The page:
Eat 84 Grams Of Mushrooms. Here’s Why

Mushrooms have come a long way in recent years.

Formerly classified as primitive plants in the taxonomic sense and as white vegetables in the culinary sense, fungi have since risen above their woefully outdated labels.

In the ecological context, we’ve learned that mushrooms are anything but primitive.  In the nutritional context, we’ve learned that mushrooms are dietary superstars.

Subsequently, it seems that there are just as many reasons to appreciate mushrooms as there are to eat them.  Human health, it turns out, is one overlapping reason.

Corroborating this motive is new research published in the journal Food, Science, & Nutrition.  In a recent study, researchers concluded that eating a small serving of mushrooms can have measurable and positive effects on human health.

In a brand new video, I discuss four important findings revealed in this study.  If you’re interested in learning the ways in which mushrooms can improve your health, check it out!

Like fungi, the American beaver has made considerable progress in recent years.  Formerly classified as extirpated in many states, beavers can now be found in urban parks.  To read about a morning encounter I had with North America’s largest rodent, check out the latest Instagram post!Click to view post

I was a recent guest on The Mushroom Hour podcast.  In the interview, we discuss many topics related to nature connection, supporting land conservation trusts, foraging wild water, and more.  You can listen to the interview through one of the following links:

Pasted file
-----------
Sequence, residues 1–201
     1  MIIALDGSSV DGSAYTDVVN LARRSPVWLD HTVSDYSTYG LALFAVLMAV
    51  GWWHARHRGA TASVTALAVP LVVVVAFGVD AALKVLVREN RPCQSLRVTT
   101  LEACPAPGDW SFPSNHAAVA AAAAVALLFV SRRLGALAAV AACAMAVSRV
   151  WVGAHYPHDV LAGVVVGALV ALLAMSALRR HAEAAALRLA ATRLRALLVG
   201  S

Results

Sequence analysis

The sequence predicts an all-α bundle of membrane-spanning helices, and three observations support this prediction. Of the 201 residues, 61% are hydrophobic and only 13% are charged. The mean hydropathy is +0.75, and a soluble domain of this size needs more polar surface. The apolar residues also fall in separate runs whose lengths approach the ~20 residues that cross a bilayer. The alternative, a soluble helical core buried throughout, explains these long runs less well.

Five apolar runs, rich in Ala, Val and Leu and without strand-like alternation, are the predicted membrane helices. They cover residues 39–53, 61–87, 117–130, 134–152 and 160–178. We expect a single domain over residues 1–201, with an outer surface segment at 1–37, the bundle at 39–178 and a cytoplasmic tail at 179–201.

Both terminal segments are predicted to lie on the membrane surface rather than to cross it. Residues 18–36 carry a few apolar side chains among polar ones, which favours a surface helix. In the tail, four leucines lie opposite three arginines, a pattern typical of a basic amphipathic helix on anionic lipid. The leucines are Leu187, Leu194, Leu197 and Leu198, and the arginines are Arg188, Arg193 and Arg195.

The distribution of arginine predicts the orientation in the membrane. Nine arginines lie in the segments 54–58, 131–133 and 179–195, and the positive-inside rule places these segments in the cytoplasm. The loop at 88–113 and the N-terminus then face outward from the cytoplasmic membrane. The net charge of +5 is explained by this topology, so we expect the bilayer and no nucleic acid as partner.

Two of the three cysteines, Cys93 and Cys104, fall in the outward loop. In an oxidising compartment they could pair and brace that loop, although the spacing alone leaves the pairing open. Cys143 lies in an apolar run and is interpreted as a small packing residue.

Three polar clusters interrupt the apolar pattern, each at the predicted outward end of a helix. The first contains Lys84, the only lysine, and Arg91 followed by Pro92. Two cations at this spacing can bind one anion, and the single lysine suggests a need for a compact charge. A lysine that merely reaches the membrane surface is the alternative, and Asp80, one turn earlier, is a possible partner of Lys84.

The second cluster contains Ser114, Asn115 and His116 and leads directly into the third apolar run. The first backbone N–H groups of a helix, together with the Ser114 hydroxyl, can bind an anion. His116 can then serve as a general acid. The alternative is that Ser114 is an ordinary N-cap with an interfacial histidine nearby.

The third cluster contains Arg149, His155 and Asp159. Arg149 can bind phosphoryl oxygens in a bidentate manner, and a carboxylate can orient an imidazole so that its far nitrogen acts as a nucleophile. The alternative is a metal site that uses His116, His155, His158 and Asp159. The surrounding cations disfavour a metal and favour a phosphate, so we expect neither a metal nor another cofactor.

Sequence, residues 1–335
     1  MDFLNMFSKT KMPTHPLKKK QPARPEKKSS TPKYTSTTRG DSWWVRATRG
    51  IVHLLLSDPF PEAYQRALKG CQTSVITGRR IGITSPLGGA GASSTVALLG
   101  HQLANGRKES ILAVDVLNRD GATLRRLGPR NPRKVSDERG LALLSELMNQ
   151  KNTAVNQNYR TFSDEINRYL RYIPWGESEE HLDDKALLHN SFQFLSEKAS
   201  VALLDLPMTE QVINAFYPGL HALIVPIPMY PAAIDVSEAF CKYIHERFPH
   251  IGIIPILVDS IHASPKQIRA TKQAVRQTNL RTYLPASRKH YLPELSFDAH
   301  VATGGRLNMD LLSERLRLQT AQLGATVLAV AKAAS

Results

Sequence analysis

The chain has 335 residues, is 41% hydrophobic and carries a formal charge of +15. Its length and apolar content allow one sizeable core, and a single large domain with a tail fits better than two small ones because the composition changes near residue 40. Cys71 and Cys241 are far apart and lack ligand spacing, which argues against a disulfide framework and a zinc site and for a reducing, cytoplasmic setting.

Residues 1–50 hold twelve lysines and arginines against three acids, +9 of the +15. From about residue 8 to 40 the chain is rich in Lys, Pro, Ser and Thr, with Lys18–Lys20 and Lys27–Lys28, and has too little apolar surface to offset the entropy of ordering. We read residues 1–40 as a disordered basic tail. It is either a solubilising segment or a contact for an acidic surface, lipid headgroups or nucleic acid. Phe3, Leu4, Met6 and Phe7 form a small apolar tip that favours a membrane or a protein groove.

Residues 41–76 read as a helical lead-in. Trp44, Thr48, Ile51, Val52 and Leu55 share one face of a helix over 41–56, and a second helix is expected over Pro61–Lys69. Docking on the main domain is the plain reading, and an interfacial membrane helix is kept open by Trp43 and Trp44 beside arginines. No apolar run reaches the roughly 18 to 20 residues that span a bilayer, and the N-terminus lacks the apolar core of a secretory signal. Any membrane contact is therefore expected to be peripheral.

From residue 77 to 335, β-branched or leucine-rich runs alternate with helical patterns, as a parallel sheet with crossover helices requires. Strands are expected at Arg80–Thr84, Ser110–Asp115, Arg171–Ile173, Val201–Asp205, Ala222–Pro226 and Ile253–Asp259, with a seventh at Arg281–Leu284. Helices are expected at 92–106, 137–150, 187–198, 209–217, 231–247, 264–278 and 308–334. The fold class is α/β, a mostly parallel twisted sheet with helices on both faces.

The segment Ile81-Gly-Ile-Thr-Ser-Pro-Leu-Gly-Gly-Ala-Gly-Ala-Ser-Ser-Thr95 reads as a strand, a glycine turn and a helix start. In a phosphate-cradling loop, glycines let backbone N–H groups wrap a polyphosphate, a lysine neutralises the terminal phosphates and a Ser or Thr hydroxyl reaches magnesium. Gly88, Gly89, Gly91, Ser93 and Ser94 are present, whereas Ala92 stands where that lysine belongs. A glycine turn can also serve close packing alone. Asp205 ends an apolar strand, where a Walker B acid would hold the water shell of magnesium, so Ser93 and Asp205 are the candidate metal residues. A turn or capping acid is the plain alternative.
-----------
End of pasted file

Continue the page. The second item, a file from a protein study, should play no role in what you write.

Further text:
Thanks for reading and watching, and thanks for your continued support!

-Adam Haritan

Magickal Properties and Uses of Viola, Violet Magic

Good Witches Homestead

Viola is a quiet, little magic. She springs up in fields, lawns, and at the edges of forests. Before her companions begin to bud, she’s blooming away, gathering in the cool, damp spring days. In spring’s quiet while everyone else has yet to awaken, Viola works her magic.

Violas come in a variety of colors and shapes. The ones herbalists are most sweet on are a species called Viola odorata, although we may well fall in love with some of her close cousins, too. Viola odorata sports blue blossoms. Viola tricolor, like the ones in my garden, bloom in deep purples, sometimes sporting a few yellow or white petals. Sometimes they’re called Johnny Jump-ups, Hearts-ease Violets, Sweet Violets, or Pansies by garden centers, sometimes just plain violets. Part of what makes V. odorata and her medicinal cousins particularly special is her scent.

Viola odorata or Violet is a…

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The Trick To Finding Edible Winter Mushrooms

Cloudy skies.  Frigid temperatures.  Frozen soils. 

Winter in my neck of the woods is a faithful provider of all those conditions and more.

Most wild creatures left the scene months agobut a handful of them — fungi included — remain active and reveal themselves to anyone with a desire to look.

Take Flammulina velutipes, for instance. 

Also known as Enoki, this wild edible fungus actually thrives in cold weather.  While many wild fungi retreat as temperatures fall, Enoki fruits prolifically with the help of antifreeze compounds produced within its tissues.

Enoki is also a fairly predictable fungus.  It associates with a particular tree that commonly grows in eastern North America.  If you know the name of this tree, you’ll have no trouble locating wild Enoki mushrooms.

In a brand new video, I discuss a few tips to help you identify and find this tree in the wild.  If you’re interested in learning more, check it out!